I can tell by the stands

I knew that I had a lot of work to make up when I got back in school today, but I didn’t know how overwhelmed I would be. Along my journey through the hell that is today, I found that we have a Spanish test and an Earth Science test tomorrow. Spanish should not be too bad (besides the fact that we have a monster of a substitute), but Earth Science is a subject I am doomed to fail.

Right now I should be in Mr. Reeves’ classroom to make up a Geometry test that I never finished, but guess what? I would much rather blog my heart out. Today I was stretched to my limit, and unfortunately I am not a rubber band that just goes back and takes its old shape.

I knew right away that today was going to be a bad day. My mother left me to decide whether or not I was going to attend school today, but I knew that I had to. We have block periods (which I totally disagree with), so missing one day of school means one is technically missing TWO days of either English or Biology/Earth Science/Chemistry/Physics. Imagine if a person misses a whole five-day week of school. Not only will that person be trying to recover from whatever kept them out of school, but they also have a mountain of homework to do.

Anyway, back to why I knew today would be a bad day. I entered the band room (late, of course because I had to wait in line at the office to hand in my excuse) and sat down in my chair. Yes, I got greetings that sounded like “she’s back!” and “good morning!” and “are you feeling better?” but that still didn’t boost my mood. I sat down and set my band folder on the stand and placed my bag onto the floor. When I tried to raise my stand up, it would not budge at all. I looked at Becca (who sits next to me) and said “well, this is going to be the broken stand that breaks off when I use more force to raise it.” Sure enough, the top of the stand popped off. I can usually tell what kind of a day I will have by the condition of the stand I am using that day in band. I got up to find a new stand, but they were all in use, so Becca and I had to share (even though we are supposed to all have our own).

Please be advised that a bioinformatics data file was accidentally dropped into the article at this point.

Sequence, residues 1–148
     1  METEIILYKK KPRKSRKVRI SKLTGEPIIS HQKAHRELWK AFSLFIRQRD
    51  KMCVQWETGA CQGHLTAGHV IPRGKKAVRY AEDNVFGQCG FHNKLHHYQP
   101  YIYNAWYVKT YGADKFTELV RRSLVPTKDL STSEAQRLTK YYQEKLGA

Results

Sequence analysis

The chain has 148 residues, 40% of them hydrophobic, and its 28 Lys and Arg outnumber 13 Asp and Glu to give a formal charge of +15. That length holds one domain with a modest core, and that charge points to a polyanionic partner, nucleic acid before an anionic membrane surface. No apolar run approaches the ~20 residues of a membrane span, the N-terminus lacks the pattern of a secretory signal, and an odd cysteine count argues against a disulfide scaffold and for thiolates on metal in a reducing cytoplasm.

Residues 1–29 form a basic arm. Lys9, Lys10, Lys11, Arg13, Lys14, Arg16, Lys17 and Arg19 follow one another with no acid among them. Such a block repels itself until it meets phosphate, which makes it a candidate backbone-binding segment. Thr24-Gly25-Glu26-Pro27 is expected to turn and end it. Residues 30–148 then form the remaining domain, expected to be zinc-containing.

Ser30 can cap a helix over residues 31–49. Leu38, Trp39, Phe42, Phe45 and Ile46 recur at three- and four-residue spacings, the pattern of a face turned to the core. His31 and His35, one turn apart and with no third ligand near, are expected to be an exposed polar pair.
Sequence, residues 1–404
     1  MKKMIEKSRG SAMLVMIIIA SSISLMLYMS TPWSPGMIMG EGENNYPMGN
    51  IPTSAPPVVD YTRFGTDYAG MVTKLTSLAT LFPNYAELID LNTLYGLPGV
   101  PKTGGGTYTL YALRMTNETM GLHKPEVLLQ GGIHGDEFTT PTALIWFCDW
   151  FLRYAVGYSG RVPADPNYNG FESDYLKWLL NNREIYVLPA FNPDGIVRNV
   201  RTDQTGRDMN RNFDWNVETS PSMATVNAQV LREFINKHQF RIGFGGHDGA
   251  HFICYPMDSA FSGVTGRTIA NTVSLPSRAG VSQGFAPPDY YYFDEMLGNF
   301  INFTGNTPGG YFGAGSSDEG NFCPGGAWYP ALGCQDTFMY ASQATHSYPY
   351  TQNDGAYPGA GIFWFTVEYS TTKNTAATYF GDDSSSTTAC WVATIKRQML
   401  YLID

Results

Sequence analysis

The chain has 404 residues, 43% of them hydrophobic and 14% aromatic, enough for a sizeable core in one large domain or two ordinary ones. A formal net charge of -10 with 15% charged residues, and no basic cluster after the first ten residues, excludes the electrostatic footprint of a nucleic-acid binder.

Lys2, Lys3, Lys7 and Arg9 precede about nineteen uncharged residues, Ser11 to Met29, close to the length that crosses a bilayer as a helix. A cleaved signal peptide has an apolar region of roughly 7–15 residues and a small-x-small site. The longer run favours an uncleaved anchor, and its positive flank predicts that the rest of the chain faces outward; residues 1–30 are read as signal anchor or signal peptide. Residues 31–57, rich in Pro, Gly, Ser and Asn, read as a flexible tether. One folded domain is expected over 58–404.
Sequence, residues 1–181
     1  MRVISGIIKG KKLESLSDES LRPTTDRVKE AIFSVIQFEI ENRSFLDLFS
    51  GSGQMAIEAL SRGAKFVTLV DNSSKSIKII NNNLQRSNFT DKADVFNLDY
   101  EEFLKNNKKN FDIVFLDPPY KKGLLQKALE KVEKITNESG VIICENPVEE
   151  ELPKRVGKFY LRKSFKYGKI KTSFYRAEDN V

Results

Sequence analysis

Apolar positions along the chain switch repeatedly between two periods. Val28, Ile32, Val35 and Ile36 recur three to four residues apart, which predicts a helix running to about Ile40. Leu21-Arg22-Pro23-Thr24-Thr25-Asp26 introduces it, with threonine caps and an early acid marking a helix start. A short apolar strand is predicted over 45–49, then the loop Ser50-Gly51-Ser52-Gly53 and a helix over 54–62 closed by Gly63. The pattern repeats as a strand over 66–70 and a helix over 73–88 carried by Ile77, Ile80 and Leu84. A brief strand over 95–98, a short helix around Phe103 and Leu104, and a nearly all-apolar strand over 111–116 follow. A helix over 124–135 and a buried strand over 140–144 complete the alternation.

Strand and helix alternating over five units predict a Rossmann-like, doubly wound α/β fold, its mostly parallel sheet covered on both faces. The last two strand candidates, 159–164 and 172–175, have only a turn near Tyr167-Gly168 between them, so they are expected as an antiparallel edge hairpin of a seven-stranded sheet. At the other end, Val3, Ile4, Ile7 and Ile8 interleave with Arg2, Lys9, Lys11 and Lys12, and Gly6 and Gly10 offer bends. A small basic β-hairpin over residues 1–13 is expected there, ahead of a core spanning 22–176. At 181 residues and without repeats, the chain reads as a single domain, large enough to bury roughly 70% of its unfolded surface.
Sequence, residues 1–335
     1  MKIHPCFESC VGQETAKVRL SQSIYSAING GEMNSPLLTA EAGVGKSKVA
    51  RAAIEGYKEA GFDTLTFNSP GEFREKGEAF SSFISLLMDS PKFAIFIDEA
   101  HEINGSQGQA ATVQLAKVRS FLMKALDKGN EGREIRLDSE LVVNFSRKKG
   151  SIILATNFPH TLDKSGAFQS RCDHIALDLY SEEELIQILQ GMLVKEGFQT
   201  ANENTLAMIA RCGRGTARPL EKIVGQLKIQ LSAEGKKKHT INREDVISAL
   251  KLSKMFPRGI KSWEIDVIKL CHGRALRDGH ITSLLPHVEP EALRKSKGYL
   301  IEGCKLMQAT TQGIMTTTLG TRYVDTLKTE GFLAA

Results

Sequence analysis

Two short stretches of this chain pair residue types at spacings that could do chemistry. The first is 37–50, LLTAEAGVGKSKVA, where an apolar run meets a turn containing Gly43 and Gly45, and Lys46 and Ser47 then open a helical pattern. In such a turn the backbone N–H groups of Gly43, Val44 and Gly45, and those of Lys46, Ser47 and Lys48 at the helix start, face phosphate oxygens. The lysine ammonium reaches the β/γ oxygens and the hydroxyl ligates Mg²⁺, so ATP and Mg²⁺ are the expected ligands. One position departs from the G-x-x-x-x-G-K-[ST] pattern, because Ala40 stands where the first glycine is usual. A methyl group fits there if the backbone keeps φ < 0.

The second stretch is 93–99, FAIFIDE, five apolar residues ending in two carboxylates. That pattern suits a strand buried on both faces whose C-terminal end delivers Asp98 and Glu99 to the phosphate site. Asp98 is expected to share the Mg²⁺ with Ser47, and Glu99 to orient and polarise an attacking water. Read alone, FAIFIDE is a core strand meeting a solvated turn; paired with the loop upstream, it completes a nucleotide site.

English began. I handed in my essay, but did not and still do not have a very good feeling about it. We watched The Glass Menagerie and all I wanted to do was sleep.

Lunch then Spanish. It was in Spanish that I realized that I really seriously cannot hear very well. For some reason, the cold that I have settled in my ears and I can barely hear out of my left and am totally deaf in my right. I was trying to talk to a friend, but he had to keep repeating himself because he talks softly and I could not hear anything. Not fun.

With Global came my first bloody nose of the day. I tore out of the room and ran into the bathroom where I would be safe for a few minutes. I managed to stop the blood from flowing, and returned to Global. Right before Chamber Choir ended, I felt my nose running again and flew out of the room once more. I returned, the bell rang, and now here I am.

So far today has been a miserable day. Maybe cross-country practice will cure all of my agonies. (Ha, yeah right!)

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So quiet is Sir Night tonight.

Only soft whispers of wind

accompany the deafening silence:

a torturing silence for the sinned.


In this moment of deafness,

any noise is told to flee.

Fly away, unwelcome interruption.

Let the lonely wind fly free.


The floating balls of light we call stars

are visible, for now clouds are blocking their view.

The moon stands out, the brightest of all

revealing a clear silence I never knew.


The energetic bugs reply

to wind’s gentle call.

A conversation is taking place

in a language we have no knowledge of at all.


Humans weren’t made to understand,

just to wonder and dream

about Sir Night with a silence such as this:

natural beauties working as a team.

~ EMS

Saturday, July 26, 2008

3:45 AM